tional Analysis 2020 notes or the Finnish lecture notes).

Solution: For n ∈ N define fn : c0 → R by

fn(x) =

n∑

k=1

akxk for (xk) ∈ c0.

Clearly fn is a linear map, and

|fn(x)| = |

n∑

k=1

akxk| ≤

n∑

k=1

|ak| · |xk| ≤ ( max

k=1,...,n

|xk|)

n∑

k=1

|ak| ≤ (

n∑

k=1

|ak|)‖x‖∞

for all x = (xk) ∈ c0. Hence fn ∈ L(c0,R) for all n. Moreover, by assumption

f(x) =:

∞∑

k=1

akxk = lim

n→∞

n∑

k=1

akxk = lim

n→∞ fn(x)

exists for all x = (xk) ∈ c0. Since c0 is a Banach space, f ∈ L(c0,R) is a

bounded linear operator by Corollary 7.5 to the Banach-Steinhaus theorem.

In particular,

|f(x)| = |

∞∑

k=1

akxk| ≤ ‖f‖ · ‖x‖∞ for all x = (xk) ∈ c0.

Let n ∈ N be fixed and consider y = (yk) ∈ c0, where yk = |ak|ak if 1 ≤ k ≤ n

and ak 6= 0, and yk = 0 if ak = 0 or k > n. Then ‖y‖∞ ≤ 1, so by plugging

y ∈ c0 into the above estimate we get

n∑

k=1

|ak| =

∞∑

k=1

akyk ≤ |

∞∑

k=1

akyk| ≤ ‖f‖ · ‖y‖∞ ≤ ‖f‖.

Since n ∈ N was arbitrary, we get that ∑nk=1 |ak| <∞, that is, (ak) ∈ `1.

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Conversely, if (ak) ∈ `1 and x = (xk) ∈ c0, then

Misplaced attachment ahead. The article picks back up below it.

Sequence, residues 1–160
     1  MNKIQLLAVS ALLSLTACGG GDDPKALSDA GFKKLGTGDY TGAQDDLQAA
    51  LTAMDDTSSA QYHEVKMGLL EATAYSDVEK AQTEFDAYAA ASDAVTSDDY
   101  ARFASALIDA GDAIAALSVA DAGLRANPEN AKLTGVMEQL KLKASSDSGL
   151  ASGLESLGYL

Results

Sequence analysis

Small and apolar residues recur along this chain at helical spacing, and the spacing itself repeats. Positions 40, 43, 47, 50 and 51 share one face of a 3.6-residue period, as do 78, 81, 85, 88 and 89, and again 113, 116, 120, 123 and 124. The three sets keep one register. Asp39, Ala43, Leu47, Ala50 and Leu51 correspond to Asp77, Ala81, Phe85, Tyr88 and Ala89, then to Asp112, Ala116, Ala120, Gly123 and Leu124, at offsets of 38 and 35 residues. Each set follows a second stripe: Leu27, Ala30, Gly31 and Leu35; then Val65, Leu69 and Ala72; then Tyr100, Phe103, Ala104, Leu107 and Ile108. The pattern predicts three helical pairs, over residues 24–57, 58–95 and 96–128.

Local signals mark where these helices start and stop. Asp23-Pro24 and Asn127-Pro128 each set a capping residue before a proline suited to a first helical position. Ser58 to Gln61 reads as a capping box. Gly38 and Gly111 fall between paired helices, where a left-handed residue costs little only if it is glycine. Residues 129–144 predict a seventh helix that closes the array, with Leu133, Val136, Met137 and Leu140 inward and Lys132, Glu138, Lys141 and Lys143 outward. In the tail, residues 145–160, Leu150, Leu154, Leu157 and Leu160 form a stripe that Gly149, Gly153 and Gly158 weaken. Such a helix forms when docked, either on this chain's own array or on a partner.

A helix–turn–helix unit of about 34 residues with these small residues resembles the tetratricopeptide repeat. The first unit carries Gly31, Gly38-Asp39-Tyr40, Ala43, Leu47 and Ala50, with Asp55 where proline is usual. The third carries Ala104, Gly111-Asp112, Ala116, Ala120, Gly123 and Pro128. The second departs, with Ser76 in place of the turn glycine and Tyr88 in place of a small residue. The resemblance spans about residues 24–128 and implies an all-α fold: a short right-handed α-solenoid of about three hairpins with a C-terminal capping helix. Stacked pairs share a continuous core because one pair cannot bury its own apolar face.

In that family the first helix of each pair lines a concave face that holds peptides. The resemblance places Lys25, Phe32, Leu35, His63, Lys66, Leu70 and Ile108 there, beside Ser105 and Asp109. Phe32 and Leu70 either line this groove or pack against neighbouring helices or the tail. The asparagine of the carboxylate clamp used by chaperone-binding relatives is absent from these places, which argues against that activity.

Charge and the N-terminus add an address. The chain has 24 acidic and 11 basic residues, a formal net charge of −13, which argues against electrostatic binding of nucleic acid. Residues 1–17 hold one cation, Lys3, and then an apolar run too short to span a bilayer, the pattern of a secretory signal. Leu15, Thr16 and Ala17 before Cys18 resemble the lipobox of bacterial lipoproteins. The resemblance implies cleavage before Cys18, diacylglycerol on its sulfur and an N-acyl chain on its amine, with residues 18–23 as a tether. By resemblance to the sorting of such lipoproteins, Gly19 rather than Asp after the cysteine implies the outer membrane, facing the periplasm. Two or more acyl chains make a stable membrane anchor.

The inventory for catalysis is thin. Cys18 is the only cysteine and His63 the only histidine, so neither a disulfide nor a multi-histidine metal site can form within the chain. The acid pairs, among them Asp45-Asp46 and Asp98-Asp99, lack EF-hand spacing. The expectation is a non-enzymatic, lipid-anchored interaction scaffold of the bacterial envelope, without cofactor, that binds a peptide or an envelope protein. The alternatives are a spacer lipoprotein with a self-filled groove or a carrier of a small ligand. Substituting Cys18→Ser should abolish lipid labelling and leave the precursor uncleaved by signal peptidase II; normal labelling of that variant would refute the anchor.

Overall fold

∞∑

k=1

|ak| · |xk| ≤ ‖x‖∞

∞∑

k=1

|ak|

is finite, so that the scalar series∑∞k=1 akxk does converge for all x = (xk) ∈ c0.

Hence condition (*) holds precisely when (ak) ∈ `1.

Comment: this is part of the verification that the dual space c∗o can be iden-

tified with `1.

5. (Osgood’s uniform boundedness principle, 1897) Let (fn) ⊂ C(0, 1) be a

sequence of continuous maps [0, 1] → R, which are pointwise bounded, that

is, M(x) := supn∈N |fn(x)| <∞ for all x ∈ [0, 1]. Show that there is a (non-

trivial) open interval (a, b) ⊂ [0, 1] and and a uniform bound M < ∞, such

that |fn(x)| ≤M for all x ∈ (a, b) and all n ∈ N.

Suggestion: imitate the proof of the Banach-Steinhaus theorem!

Solution: for m ∈ N define

Fm = {x ∈ [0, 1] : |fn(x)| ≤ m for all n ∈ N}.

Then Fm =

⋂∞

n=1 f

−1

n ([−m,m]) is a closed set, since it follows from the con-

tinuity of fn that the inverse images f−1n ([−m,m]) are closed for all n ∈ N

(metric topology course). Moreover, if x ∈ [0, 1] is arbitrary, then by assump-

tion M(x) := supn∈N |fn(x)| < ∞, so that x ∈ Fm once m ≥ M(x). This

means that

[0, 1] =

∞⋃

m=1

Fm.

Since [0, 1] is complete, it follows from Corollary 7.2 to Baire’s theorem that

there is m0 ∈ N such that Fm0 has an interior point x0. Hence there is r > 0

such that the interval (a, b) =: (x0 − r, x0 + r) ⊂ Fm0 . By definition we then

have

|fn(x)| ≤M =: m0 for all n ∈ N and all x ∈ (a, b).

Comment: Osgood’s uniform boundedness principle (1897) was an early "ver-

sion" of the Uniform Boundedness principle.